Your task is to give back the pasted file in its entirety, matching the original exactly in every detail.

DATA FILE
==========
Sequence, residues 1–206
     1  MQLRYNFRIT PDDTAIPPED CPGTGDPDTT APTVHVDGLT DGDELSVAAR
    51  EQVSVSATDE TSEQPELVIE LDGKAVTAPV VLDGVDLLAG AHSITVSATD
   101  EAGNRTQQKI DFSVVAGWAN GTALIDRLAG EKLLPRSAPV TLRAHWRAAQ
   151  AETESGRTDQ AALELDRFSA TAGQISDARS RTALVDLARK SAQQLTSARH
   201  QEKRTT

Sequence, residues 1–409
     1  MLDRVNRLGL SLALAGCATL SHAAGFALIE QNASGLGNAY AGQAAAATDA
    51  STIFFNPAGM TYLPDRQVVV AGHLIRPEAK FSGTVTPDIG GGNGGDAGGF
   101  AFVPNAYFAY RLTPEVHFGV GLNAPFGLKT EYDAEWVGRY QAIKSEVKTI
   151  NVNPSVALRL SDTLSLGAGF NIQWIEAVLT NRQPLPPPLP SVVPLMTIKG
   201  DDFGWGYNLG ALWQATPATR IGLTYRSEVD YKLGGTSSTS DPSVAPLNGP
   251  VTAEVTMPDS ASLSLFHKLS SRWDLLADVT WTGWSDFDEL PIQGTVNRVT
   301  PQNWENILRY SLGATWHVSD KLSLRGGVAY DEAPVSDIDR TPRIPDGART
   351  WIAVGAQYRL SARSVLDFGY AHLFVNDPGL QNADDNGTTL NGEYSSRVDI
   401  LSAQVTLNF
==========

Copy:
Sequence, residues 1–206
     1  MQLRYNFRIT PDDTAIPPED CPGTGDPDTT APTVHVDGLT DGDELSVAAR
    51  EQVSVSATDE TSEQPELVIE LDGKAVTAPV VLDGVDLLAG AHSITVSATD
   101  EAGNRTQQKI DFSVVAGWAN GTALIDRLAG EKLLPRSAPV TLRAHWRAAQ
   151  AETESGRTDQ AALELDRFSA TAGQISDARS RTALVDLARK SAQQLTSARH
   201  QEKRTT

Sequence, residues 1–409
     1  MLDRVNRLGL SLALAGCATL SHAAGFALIE QNASGLGNAY AGQAAAATDA
    51  STIFFNPAGM TYLPDRQVVV AGHLIRPEAK FSGTVTPDIG GGNGGDAGGF
   101  AFVPNAYFAY RLTPEVHFGV GLNAPFGLKT EYDAEWVGRY QAIKSEVKTI
   151  NVNPSVALRL SDTLSLGAGF NIQWIEAVLT NRQPLPPPLP SVVPLMTIKG
   201  DDFGWGYNLG ALWQATPATR IGLTYRSEVD YKLGGTSSTS DPSVAPLNGP
   251  VTAEVTMPDS ASLSLFHKLS SRWDLLADVT WTGWSDFDEL PIQGTVNRVT
   301  PQNWENILRY SLGATWHVSD KLSLRGGVAY DEAPVSDIDR TPRIPDGART
   351  WIAVGAQYRL SARSVLDFGY AHLFVNDPGL QNADDNGTTL NGEYSSRVDI
   401  LSAQVTLNF